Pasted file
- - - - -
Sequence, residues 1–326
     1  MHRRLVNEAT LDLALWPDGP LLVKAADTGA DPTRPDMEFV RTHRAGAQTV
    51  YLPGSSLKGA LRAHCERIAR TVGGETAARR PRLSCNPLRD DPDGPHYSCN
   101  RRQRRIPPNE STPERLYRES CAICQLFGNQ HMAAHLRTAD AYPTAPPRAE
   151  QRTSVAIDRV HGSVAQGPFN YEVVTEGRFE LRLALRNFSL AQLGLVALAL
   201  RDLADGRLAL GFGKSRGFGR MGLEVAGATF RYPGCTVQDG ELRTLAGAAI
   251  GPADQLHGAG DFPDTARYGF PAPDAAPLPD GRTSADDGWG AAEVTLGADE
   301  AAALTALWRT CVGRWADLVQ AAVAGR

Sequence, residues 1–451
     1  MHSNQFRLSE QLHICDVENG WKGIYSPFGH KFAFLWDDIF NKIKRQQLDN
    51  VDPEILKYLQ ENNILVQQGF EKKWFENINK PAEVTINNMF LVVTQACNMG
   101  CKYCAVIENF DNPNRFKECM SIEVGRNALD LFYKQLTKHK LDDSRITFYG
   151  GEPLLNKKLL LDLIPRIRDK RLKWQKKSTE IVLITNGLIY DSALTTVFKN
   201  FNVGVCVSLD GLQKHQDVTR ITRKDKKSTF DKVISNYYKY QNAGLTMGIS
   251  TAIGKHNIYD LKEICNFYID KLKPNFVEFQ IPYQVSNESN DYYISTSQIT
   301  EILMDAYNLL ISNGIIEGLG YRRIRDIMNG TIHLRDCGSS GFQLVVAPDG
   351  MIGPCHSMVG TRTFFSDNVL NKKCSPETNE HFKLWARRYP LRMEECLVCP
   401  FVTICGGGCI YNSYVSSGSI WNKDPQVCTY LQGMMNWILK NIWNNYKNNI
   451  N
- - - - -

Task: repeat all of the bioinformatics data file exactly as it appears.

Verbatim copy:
Sequence, residues 1–326
     1  MHRRLVNEAT LDLALWPDGP LLVKAADTGA DPTRPDMEFV RTHRAGAQTV
    51  YLPGSSLKGA LRAHCERIAR TVGGETAARR PRLSCNPLRD DPDGPHYSCN
   101  RRQRRIPPNE STPERLYRES CAICQLFGNQ HMAAHLRTAD AYPTAPPRAE
   151  QRTSVAIDRV HGSVAQGPFN YEVVTEGRFE LRLALRNFSL AQLGLVALAL
   201  RDLADGRLAL GFGKSRGFGR MGLEVAGATF RYPGCTVQDG ELRTLAGAAI
   251  GPADQLHGAG DFPDTARYGF PAPDAAPLPD GRTSADDGWG AAEVTLGADE
   301  AAALTALWRT CVGRWADLVQ AAVAGR

Sequence, residues 1–451
     1  MHSNQFRLSE QLHICDVENG WKGIYSPFGH KFAFLWDDIF NKIKRQQLDN
    51  VDPEILKYLQ ENNILVQQGF EKKWFENINK PAEVTINNMF LVVTQACNMG
   101  CKYCAVIENF DNPNRFKECM SIEVGRNALD LFYKQLTKHK LDDSRITFYG
   151  GEPLLNKKLL LDLIPRIRDK RLKWQKKSTE IVLITNGLIY DSALTTVFKN
   201  FNVGVCVSLD GLQKHQDVTR ITRKDKKSTF DKVISNYYKY QNAGLTMGIS
   251  TAIGKHNIYD LKEICNFYID KLKPNFVEFQ IPYQVSNESN DYYISTSQIT
   301  EILMDAYNLL ISNGIIEGLG YRRIRDIMNG TIHLRDCGSS GFQLVVAPDG
   351  MIGPCHSMVG TRTFFSDNVL NKKCSPETNE HFKLWARRYP LRMEECLVCP
   401  FVTICGGGCI YNSYVSSGSI WNKDPQVCTY LQGMMNWILK NIWNNYKNNI
   451  N